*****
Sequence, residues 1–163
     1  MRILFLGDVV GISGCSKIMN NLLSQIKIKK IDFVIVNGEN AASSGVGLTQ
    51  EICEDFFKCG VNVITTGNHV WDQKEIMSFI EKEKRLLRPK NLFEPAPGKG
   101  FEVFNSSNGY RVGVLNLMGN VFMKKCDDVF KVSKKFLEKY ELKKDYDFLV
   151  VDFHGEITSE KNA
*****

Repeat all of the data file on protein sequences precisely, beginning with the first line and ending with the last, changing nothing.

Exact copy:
Sequence, residues 1–163
     1  MRILFLGDVV GISGCSKIMN NLLSQIKIKK IDFVIVNGEN AASSGVGLTQ
    51  EICEDFFKCG VNVITTGNHV WDQKEIMSFI EKEKRLLRPK NLFEPAPGKG
   101  FEVFNSSNGY RVGVLNLMGN VFMKKCDDVF KVSKKFLEKY ELKKDYDFLV
   151  VDFHGEITSE KNA